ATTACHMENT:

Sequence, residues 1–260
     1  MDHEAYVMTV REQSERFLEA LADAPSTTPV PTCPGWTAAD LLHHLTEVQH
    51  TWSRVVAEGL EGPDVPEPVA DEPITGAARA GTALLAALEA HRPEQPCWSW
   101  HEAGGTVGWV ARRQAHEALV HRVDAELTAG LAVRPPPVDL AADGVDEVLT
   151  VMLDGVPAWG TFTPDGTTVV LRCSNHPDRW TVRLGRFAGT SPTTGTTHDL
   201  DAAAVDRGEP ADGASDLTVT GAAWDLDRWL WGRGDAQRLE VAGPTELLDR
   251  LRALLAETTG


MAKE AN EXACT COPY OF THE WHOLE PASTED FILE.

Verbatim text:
Sequence, residues 1–260
     1  MDHEAYVMTV REQSERFLEA LADAPSTTPV PTCPGWTAAD LLHHLTEVQH
    51  TWSRVVAEGL EGPDVPEPVA DEPITGAARA GTALLAALEA HRPEQPCWSW
   101  HEAGGTVGWV ARRQAHEALV HRVDAELTAG LAVRPPPVDL AADGVDEVLT
   151  VMLDGVPAWG TFTPDGTTVV LRCSNHPDRW TVRLGRFAGT SPTTGTTHDL
   201  DAAAVDRGEP ADGASDLTVT GAAWDLDRWL WGRGDAQRLE VAGPTELLDR
   251  LRALLAETTG